The driving position is perfect for pottering, touring or pressing-on without the pilot having to reposition or adjust themselves at all. In fact, everything is beautifully positioned with a tactile synchronicity between driver’s seat, gearlever, pedals and wheel. As an ensemble, they have an almost telepathic connection: as you slide into the pre-built space they allow you, it’s as if the car has been tailored precisely to your frame.

This Carrera is a symphonic joy to drive, watching the wings bobbing up and down as they gorge miles of country roads, scything through the ’box as if it’s spring-loaded, leaving just your fingertips on the wheel to guide the car as it tiptoes throughs bends. The ride is splendid, dispatching bumps and potholes with disdain. You suspect it might be on the hard side with its less cosseting seats, but it’s just perfect. There are no clonks as each wheel takes its punishment without unsettling the others. In fact, it is only when you hit a sizeable bump with a front wheel while some steering lock is on that the car – and as a result the driver – ever gets nervous.

Push it harder and there is a tendency for the front to drift airily through corners rather than properly understeer, but give it too much on really greasy switchbacks and it feels as if it might wash out altogether before it twitches neatly back into alignment. You can provoke oversteer through the more sophisticated rear suspension of this later car, but again it doesn’t snap as much as drift gently and catchably outwards. Wet weather does bring to the fore this car’s most diverting idiosyncrasy, however. Find the unmarked switch to turn on the wipers and you are confronted with two small blades working at different speeds over non-matching arcs. It’s distracting, bordering on perturbing.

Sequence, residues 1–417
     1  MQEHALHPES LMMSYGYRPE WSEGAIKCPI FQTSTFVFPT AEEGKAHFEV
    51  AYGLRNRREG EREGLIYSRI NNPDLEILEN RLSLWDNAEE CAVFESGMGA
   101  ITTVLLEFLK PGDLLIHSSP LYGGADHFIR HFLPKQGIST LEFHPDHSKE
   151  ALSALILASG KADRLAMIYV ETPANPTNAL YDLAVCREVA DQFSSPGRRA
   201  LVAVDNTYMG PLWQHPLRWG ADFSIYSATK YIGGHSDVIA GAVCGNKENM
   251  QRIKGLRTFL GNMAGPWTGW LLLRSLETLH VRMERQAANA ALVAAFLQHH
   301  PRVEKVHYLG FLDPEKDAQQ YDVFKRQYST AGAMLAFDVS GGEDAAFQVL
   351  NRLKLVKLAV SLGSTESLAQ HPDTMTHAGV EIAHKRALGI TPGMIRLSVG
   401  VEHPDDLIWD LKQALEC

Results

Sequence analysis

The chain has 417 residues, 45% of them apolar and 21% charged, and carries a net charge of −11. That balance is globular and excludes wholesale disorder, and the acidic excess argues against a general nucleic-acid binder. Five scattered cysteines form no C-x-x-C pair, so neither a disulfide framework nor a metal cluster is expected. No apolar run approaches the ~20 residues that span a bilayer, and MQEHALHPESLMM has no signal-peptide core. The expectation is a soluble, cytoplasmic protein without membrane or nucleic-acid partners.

When the rain stops falling you can focus again on that unburstable performance. Slide it into second on a tight corner and feel it scrabble for grip before it hunkers down and slingshots you through. Neat exhilaration. Rather usefully, Porsche has drawn the powerband on the rev counter (from 2200rpm to 7000, red zone starting at 6200). Then again, it put the same markings on the speedo from 20-40mph and, given the freedom to drive this car properly, that’s not a region you will be visiting too often. Should you need to, 1500rpm will trickle you off the line (any less than that and the twin Solexes will splutter their disgust vociferously) while from 2-3000rpm it’s hugely tractable and covers most of your driving needs. At 3000 it starts to change character and by 4000rpm it is coming on cam and pulling cleanly and with a fierce second wind. You can keep revving all you want past 5500rpm and it will still sing, but you won’t get much more out of it power-wise. The official peak is 6200rpm, but unless you are racing or want to max it in top, there’s no need to press into that territory and overstress the engine. 

It may feel like the Carrera runs out of useful puff long before its redline starts, but it offers lusty performance for a 2-litre, punching well above its weight. By the time of this car, though, the frugality of the concept was maybe a little long in the tooth. An XK trouncer for sure, but maybe not so convincing an E-type beater.